We have briefly discussed the various types of XSS, but I believe it will help if we go over them in greater detail to explain the differences to you and to demonstrate the type of testing that is expected of you as an ethical hacker since we will also be talking about the minor variations in test objectives between the various types of XSS.

1. Stored (Persistent) XSS: Due to the fact that you must test each and every input field you encounter, stored XSS requires a little more computer expertise to be successful. Although it appears unattainable, this enormous undertaking is unquestionably necessary. No low-hanging fruit will be available in bug bounties. Pen testers already have all of it picked apart. The bounty hunters are in charge of locating the one field that everyone missed when putting security measures in place because our wonderful co-workers have already completed a portion of the work.

I just start using the same assault vector I normally do. I turn on some music, log in, and every single input field I see receives an attack vector. Do not forget to test everything. Examine each link on each page, and also keep an eye out for any hidden links. Because developers frequently place test calls in JS files rather than calling them directly from production applications, you can often spot those in those files. Although we can test for things like XSS on pages that other hunters haven't even seen yet, this is typically a utopian dream.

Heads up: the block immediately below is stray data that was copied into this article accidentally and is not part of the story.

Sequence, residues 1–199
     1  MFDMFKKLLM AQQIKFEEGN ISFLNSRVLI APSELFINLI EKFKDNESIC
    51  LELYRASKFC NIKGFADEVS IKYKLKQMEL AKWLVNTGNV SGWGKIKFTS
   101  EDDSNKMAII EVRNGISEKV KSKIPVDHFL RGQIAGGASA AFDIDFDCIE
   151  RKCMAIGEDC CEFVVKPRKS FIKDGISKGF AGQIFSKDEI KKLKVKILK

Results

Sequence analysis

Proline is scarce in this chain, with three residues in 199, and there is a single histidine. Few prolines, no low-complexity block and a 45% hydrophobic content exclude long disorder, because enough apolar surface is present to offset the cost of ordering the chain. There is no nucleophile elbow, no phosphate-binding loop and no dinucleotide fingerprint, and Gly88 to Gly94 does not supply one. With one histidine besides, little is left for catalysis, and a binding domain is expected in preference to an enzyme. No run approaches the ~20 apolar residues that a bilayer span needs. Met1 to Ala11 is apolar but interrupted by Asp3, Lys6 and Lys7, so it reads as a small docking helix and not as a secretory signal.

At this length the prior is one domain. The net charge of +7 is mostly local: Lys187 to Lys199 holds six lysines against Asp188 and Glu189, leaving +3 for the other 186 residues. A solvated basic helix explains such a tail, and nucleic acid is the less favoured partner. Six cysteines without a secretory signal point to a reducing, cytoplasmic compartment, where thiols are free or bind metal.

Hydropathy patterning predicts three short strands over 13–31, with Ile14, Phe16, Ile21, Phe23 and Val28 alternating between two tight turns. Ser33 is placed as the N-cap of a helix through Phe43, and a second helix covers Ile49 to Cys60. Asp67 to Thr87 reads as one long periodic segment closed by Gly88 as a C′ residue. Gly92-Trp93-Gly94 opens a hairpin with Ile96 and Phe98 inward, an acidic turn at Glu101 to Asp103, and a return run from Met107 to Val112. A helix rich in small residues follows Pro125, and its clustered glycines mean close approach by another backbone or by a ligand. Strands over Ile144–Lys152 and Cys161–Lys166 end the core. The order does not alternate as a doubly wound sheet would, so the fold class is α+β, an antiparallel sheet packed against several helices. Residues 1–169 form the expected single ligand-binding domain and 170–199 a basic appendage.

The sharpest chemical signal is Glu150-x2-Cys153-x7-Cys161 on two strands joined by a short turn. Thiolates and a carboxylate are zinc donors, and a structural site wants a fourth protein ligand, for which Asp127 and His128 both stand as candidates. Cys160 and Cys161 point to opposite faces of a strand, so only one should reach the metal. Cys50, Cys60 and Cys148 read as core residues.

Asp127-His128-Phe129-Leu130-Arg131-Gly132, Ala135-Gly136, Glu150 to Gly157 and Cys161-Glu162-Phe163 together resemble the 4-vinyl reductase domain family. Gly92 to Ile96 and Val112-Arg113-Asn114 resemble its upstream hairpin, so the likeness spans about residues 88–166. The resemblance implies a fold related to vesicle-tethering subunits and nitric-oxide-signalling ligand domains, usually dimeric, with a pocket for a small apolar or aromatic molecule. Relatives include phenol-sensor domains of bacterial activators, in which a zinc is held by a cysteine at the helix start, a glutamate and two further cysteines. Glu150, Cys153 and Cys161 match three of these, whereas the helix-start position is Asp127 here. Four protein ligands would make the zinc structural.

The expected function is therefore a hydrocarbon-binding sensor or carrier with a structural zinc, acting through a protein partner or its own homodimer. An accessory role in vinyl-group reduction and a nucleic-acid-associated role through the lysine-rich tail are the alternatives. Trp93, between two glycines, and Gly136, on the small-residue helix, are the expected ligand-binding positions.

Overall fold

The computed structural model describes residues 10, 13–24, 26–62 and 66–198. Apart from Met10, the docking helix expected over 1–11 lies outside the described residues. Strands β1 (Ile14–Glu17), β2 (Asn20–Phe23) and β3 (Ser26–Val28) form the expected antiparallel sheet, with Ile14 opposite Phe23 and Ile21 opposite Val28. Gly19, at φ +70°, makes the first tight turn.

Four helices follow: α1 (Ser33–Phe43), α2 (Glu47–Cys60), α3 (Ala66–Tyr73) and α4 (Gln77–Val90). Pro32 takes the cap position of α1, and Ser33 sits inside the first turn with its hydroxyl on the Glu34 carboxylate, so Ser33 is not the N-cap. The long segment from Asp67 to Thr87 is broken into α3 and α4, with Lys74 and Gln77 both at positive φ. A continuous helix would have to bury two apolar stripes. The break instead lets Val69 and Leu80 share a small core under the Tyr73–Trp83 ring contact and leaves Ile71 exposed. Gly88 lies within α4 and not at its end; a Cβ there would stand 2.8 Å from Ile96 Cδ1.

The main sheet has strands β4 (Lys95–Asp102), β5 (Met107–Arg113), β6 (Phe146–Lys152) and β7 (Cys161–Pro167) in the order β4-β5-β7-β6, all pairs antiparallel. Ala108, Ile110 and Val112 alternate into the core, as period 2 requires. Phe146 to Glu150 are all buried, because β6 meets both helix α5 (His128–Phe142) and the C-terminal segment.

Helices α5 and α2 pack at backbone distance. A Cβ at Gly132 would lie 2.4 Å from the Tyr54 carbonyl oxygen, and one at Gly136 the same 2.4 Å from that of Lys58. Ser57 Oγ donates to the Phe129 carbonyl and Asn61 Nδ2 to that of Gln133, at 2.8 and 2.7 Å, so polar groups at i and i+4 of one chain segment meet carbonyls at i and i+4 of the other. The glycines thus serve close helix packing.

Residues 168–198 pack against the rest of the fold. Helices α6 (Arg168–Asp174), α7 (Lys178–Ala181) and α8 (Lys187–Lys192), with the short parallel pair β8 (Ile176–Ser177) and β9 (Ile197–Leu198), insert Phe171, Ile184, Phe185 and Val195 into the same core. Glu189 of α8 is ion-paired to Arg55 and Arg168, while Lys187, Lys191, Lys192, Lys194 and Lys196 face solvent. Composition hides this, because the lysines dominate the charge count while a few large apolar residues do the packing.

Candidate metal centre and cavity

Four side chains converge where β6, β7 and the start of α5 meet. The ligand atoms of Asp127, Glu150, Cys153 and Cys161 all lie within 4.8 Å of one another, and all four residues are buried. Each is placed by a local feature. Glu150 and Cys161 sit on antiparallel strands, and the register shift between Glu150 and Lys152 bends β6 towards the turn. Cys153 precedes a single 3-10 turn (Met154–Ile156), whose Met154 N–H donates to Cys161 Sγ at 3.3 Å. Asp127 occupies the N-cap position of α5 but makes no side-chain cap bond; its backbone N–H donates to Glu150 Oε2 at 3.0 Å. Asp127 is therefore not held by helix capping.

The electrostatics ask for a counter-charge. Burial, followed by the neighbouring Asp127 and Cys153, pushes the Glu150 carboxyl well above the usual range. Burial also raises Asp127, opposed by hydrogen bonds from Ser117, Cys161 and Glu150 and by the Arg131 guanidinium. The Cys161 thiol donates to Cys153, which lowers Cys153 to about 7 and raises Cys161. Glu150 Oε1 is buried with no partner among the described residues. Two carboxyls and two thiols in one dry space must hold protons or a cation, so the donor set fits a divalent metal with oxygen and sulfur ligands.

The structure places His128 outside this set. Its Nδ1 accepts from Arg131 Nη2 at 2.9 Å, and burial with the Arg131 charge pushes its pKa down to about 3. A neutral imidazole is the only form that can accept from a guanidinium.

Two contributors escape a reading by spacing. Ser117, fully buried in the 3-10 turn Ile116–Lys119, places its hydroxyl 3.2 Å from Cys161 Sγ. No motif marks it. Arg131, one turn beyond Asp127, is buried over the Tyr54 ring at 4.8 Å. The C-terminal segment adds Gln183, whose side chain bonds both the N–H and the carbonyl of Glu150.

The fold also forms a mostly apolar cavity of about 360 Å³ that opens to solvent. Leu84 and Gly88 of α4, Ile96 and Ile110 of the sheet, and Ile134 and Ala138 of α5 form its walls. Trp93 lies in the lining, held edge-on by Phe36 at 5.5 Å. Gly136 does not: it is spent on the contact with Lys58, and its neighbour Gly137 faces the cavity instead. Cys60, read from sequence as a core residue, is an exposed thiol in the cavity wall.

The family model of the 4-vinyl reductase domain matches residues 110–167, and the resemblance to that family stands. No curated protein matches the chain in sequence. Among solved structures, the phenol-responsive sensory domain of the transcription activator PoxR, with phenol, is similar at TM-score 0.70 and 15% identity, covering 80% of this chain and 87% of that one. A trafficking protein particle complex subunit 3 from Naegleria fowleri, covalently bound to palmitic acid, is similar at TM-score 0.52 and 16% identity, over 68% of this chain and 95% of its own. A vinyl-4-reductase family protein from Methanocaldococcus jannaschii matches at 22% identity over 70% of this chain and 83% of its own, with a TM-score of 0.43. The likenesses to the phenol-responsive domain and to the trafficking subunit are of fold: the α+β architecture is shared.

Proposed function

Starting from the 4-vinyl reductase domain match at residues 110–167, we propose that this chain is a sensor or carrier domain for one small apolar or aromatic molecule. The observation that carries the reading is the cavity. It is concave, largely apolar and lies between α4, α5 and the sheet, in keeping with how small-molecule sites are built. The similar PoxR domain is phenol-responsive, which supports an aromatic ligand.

2. Reflected XSS: A search result, error message, or other HTTP response that contains user input that has not been sanitized is the simplest form of an XSS attack. Without securing it or retaining user-generated data, the application logic returns an unsafe input as part of the answer. Data about users never leaves the browser in the majority of reflected XSS attacks. When we discover a mirrored parameter, an XSS is not yet present. On our page, all we have discovered is a mirrored value, however it may have been adequately filtered or cleaned. When we discover a mirrored parameter, an XSS is not yet present. On our page, all we have discovered is a mirrored value, however it may have been adequately filtered or cleaned. We must now determine where it is mirrored in order to create the appropriate attack string for that situation. For instance, you will need to figure out how to add your own single quotation to the attack string if you are trapped in a JS environment where your input is encircled by single quotes (which will often be filtered so you have to try and get around those filters). The next step is to plan an effective assault to either steal data, run a script, or accomplish a valuable task.